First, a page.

Station 300 also includes a speaker 308, through which verbal commands, words of praise, or other sounds, can be transmitted to the pet, and a speaker 310, so that the owner may hear any barking or other noises being made by or near the pet.

The speaker and microphone may be used with almost any pet interaction device of the disclosed system to provide live or pre-recorded messages in the owner's voice to the pet, such as “No!” or “Good Boy!”, to thereby reinforce the current command and/or to allow the owner to interact audibly with his pet.

As can be appreciated, station 300 is thereby used both to store and conceal the objects to be dispensed, such as when the owner wishes to reward the pet for or to “bribe” the pet towards good behavior. Additionally, the release of the objects may be pre-programmed, timed, or made to occur automatically upon the speaker's receipt of a certain audible signal, all while the owner is in some distant location.

Referring now to FIG. 4, an alternate embodiment of a dispensing station 400 is shown which contains numerous objects, such as dog bones 404, that are held inside the station and dispensed upon command by an auger 402, similar to those augers used in common snack vending machines. When auger 402 is stationary, the bones 404 are held in place. When the auger is rotated one revolution, such as by an electric motor, it pushes one bone forward to where it falls into a chute 406 and is dispensed into a dispensing area 408 through slot 410, where the pet can reach it. Such a command to rotate the auger may be made in real-time or may be pre-programmed as previously described.

The dispensing station may alternatively employ a push rod, like a “Pez” candy dispenser. When the rod is extended by a solenoid or motor, it pushes the object to be dispensed forward to a dispensing area which is accessible by the pet.

In all of the anticipated dispensing stations, the objects dispensed would be unreachable by the pet until dispensed upon a real-time or pre-scheduled command.

An alternate entertainment device 500 is shown in FIG. 5, which includes means for controlling a toy 502. The toy may be attached to an electric motor, a solenoid, or some other means for imparting motion to the toy upon receipt of a command from the system. The toy is rotated and jerked in and out to attract and entice a pet to play, such as during times when the owner observes through a webcam that the pet is bored.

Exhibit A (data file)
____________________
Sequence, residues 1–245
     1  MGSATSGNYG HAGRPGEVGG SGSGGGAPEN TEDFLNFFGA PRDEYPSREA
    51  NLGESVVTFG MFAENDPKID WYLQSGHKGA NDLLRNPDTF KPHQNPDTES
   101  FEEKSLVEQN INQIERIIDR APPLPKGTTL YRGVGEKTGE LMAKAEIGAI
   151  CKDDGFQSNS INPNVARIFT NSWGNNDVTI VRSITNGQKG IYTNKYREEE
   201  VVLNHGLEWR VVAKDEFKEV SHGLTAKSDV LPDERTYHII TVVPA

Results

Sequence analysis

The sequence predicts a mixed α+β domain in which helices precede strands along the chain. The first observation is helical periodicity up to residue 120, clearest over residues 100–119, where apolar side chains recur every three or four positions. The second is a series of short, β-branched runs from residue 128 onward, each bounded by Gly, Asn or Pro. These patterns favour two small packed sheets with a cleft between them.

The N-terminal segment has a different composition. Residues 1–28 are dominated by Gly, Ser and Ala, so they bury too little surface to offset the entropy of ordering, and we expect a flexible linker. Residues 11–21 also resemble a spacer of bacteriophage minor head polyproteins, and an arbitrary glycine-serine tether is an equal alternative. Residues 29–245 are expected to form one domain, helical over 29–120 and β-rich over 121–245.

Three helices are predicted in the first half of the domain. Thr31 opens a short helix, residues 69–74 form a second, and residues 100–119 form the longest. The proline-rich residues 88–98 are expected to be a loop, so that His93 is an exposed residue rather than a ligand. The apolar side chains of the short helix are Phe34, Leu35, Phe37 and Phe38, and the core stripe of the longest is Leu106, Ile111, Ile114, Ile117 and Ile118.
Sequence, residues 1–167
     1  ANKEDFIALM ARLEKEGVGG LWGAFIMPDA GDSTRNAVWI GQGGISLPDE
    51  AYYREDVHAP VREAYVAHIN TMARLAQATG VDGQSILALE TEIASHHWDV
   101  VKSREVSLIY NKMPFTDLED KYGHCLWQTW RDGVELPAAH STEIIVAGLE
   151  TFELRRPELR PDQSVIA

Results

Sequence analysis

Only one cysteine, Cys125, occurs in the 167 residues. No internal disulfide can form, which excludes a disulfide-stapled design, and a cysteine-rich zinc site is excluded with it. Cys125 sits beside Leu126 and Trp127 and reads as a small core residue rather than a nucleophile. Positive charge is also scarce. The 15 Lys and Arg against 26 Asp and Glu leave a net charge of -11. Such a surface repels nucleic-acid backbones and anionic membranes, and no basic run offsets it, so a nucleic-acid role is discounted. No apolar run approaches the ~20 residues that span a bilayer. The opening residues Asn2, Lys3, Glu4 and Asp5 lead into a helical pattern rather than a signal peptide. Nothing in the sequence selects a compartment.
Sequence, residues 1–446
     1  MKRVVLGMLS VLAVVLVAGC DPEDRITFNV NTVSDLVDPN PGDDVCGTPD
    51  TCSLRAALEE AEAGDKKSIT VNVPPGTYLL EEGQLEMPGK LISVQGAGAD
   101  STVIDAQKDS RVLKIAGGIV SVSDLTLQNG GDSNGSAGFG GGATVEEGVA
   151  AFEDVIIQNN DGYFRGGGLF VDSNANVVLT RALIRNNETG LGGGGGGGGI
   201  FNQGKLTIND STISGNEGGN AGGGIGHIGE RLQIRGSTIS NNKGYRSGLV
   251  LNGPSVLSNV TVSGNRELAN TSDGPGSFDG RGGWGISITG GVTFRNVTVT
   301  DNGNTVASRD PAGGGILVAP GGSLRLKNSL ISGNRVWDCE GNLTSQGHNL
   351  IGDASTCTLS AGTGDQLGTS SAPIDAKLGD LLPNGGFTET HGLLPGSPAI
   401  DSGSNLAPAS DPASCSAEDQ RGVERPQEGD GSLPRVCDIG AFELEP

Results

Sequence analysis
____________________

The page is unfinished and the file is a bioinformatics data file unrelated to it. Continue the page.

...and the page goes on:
Referring next to system 600 of FIG. 6, an electric training collar 602 is used to receive a wireless signal 604 from transmission station 606, and to then provide a small electric shock to tell the pet 140 that it is doing something wrong. When the owner observes some bad behavior by the pet via a nearby webcam or speaker, the owner may send a shock signal through the Internet. Alternatively, the owner may program the system to listen for barking, according to volume or some pre-determined frequency profile, and to send a shock signal thereupon. The program improves upon existing sound-reactive “no bark” shock collars in that bark qualities specific to the targeted pet can be recognized by software in the smart controller, or the system may be programmed to operate only during certain hours, such as night time or early morning.

With all of the embodiments of dispensing, correcting, and entertaining stations, a command received at the smart controller from the Internet may be relayed to the pet interaction device via any effective connection method, such as IR, RF, hard-wired, wi-fi, Bluetooth, x10, Insteon, and Zigby.

Each device may be monitored by a webcam to allow the pet owner to see the pet and the device while it is in use. This is particularly useful in allowing the owner to not only monitor the function of the system, but to also monitor its results in training and entertaining the pet, so that the owner may adjust the activities going forward according to his observations. Preferably the video devices are capable of optical and/or digital zoom and panning.

Additionally, each device could have a display screen for the pet and a video camera at the remote location for providing an image of the owner to the pet.

The system may also send and receive two-way (or live) streaming audio. A remote controller may receive feedback from the interaction device and send controlling signals back according to the signals received.

It should be understood that the afore-described embodiments are merely examples and should not be taken to limit the invention, whose scope should only be defined by the following claims.